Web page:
Sensu Reports in your Motd with Puppet!

Intro Sensu is a pretty cool monitoring framework. The authors designed it to be configured by a configuration management system from the beginning. Check out how easily I can make it put a report in my motd with a little bit of python and puppet. The Report Script Sensu’s API is super easy to work with. For this I will be using the Events endpoint. Here is a quick script to get the events for a host (gist):

Managing DNS Automatically with Puppet

Why So you have a decent amount of things configured in Puppet. Great! Are you finding that you have to manually update your DNS entries when things change, like when new hosts or added, or additional services are created? Why? Your DNS zone files will forever be out of date, waiting for humans to update them. Just say no. Puppet already knows what the ip addresses and hostnames of your servers, why not take advantage of that existing data?

Getting Started With Sensu Using Puppet. For Real.

Nagios. So familiar. I feel like I’ve run Nagios at every job I have ever had. Talk to most ops people, even at really big places, and they will probably admit to using it. Puppet’s exported resources takes away some of the pain, but sometimes I think to myself, there must be a better way to do this. Sensu might be that better way. Let’s try it out, but gosh, I am SO lazy.

Dropbear with Mosh on a Low End Server

I love my low end boxes. I also love mosh. Low end boxes usually are tight on resources, so Dropbear is often used as a lightweight ssh server. Mosh is mostly tested with openssh-client/server, so I think there are some bugs. But it can work, just make sure: You are using the same version of mosh on the server as you are on your client. (otherwise they may not support the same command line options)

Goodbye Intel - My Favorite Commands

Working at Intel has been a great experience. I wish I could have stayed longer, but in the end we decided to part ways. During my stay I learned lots of stuff. I would like to boil my experience down to my top Linux commands. The List git: Lots of git. syscfg: Managing bios settings from within Linux. Nice. (Intel platforms) setupbios: More bios settings from within Linux. (Dell platforms) puppet: I actually enjoy manually running puppet.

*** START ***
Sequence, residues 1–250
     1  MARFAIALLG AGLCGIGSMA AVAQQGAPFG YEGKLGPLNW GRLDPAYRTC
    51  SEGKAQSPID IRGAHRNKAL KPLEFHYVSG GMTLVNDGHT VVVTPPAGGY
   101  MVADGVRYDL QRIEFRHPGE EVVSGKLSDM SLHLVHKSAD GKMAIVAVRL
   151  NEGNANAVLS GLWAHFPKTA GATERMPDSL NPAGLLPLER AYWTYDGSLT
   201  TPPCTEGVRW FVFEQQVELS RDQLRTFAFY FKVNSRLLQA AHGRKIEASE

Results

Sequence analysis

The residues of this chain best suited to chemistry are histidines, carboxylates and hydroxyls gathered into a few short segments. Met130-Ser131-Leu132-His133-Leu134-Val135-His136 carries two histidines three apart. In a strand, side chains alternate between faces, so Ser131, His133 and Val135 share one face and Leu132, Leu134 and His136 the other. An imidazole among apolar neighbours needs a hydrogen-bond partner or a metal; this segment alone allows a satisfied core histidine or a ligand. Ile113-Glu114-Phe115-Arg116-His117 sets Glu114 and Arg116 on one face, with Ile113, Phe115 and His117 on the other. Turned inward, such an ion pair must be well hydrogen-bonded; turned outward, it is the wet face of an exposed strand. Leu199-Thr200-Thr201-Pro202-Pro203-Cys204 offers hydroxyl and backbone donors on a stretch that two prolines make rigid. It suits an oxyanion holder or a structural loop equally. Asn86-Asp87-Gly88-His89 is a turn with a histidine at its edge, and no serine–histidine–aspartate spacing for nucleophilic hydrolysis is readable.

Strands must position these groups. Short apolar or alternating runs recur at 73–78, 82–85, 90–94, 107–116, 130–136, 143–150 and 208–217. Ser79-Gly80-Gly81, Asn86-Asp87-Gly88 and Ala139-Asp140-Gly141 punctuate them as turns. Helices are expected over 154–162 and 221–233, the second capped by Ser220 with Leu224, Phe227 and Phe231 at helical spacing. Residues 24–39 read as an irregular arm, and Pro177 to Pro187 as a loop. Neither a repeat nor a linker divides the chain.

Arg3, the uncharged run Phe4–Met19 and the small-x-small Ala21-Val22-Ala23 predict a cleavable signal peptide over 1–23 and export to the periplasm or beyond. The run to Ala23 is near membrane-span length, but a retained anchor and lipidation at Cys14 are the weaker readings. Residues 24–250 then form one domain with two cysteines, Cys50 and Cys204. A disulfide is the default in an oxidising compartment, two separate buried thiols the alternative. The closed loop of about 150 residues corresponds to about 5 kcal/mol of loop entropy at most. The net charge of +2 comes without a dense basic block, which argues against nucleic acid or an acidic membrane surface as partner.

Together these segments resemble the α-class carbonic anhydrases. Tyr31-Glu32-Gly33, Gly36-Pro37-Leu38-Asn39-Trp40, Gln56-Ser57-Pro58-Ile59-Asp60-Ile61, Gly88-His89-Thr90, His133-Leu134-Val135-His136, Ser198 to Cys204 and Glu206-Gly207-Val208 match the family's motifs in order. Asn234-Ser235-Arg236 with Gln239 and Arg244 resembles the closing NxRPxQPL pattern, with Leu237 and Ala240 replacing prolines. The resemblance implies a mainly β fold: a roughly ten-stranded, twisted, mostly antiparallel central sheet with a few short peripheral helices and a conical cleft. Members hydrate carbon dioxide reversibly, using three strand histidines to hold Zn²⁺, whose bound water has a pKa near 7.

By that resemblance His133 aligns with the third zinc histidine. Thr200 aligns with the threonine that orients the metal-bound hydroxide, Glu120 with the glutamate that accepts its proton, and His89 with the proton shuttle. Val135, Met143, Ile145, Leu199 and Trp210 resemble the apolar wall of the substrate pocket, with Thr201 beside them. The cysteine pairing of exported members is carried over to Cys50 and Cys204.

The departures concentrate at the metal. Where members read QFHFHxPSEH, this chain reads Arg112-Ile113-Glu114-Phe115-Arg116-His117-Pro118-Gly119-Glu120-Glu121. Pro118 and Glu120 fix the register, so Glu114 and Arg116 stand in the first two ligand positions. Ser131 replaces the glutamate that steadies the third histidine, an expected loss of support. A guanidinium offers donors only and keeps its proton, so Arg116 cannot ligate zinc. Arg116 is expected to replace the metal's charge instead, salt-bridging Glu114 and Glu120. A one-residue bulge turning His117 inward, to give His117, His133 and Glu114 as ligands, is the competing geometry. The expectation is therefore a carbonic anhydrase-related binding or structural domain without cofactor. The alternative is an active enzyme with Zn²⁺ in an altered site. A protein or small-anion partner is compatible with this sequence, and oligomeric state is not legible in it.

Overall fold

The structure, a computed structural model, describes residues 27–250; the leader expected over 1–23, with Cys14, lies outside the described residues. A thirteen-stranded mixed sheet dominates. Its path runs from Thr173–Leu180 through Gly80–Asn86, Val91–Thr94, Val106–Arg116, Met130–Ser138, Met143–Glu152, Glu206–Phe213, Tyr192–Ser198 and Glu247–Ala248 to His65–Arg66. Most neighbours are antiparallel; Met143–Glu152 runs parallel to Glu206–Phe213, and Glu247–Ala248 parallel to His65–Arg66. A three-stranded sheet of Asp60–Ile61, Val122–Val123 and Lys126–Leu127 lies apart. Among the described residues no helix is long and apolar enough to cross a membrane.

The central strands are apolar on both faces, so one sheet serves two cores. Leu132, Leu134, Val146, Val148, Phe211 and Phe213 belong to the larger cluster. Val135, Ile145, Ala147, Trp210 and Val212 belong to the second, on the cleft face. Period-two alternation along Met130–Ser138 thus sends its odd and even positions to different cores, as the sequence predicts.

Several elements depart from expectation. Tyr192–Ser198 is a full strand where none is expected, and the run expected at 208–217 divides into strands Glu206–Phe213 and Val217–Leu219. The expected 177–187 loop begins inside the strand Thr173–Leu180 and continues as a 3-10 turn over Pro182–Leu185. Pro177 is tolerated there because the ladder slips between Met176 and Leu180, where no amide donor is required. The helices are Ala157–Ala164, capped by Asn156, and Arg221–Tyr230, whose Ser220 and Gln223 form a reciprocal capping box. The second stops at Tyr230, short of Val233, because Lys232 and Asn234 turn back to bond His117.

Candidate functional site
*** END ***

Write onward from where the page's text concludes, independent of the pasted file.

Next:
Rebuilding Packages for ARM (or any other arch)

Sometimes there are packages out there that don’t come in your cool new Architecture. In my case it is ARM, and the package I wanted was Puppet. Here is how to rebuild source packages the cool way. Add the Puppet repo so you can get fresh source packages cd /tmp # Add the repo, even though it may not have arm binaries... wget dpkg -i puppetlabs-release-precise.deb # Get dependencies.

An Overdrive Pro Connecting on OpenWrt

Have a fancy FreedomPop Overdrive Pro? Want to hook it up to your OpenWrt based router to use as a backup (or primary?) internet connection? Lets do it. Plug it into your router via USB. Then run: opkg install kmod-usb-net-cdc-ether Run dmesg and it will report which eth device came up. Mine shows up as “eth1”. Now make eth1 your “wan” interface: uci set network.wan.ifname=eth1 uci commit reboot Whoa.

A Team Fortress 2 See ‘n Say!

Hopefully Valve will offer me a job instead of suing me? :) Teardown [gallery ids=“991,992,993,994,995,996,999,1001,1002,1000,1003,997”] Parts Many See N’ Says to destroy (I burned through 3) An Arduino (yes, because I’m a lazy noob) Wave shield Some sort of ISP programmer Speaker / Switch / Hot-glue / Resistors / etc How It Works A user pulls the handle, activating the normally-open switch and powering the arduino

Getting Started With SPDY on Nginx

SPDY is a fancy new way to do HTTP, pioneered by Google. Pretty much all modern browsers support it now, except for of course, IE. If you have SSL enabled and are using nginx, they you are pretty close to running your sites with SPDY. What how easy it is! Step 1: Get a version of nginx with spdy enabled. Ubuntu Get some packages. The Ubuntu packages have “–with-http_spdy_module” compiled, so you can install them with no problem:

Disabling Microphone Auto-Gain (Sensitivity) For Google Plus Hangouts

Google’s Google Plus Hangout / Gtalk plugin automatically adjust your volume to account for varying noise conditions by default. Sometimes this is an undesired behavior, but there is no button to turn it off. Here is how you do it: Linux: Run this in a terminal: echo "audio-flags=1" > ~/.config/google-googletalkplugin/options Windows: Set the registry Key: HKEY_CURRENT_USER\<wbr></wbr>Software\Google\Google Talk Plugin\options\audio-flags = 1 Mac OSX: Edit the plist: ~/Library/Preferences/com.<wbr></wbr>google.GoogleTalkPluginD.plist and set “Audio Flags” = 1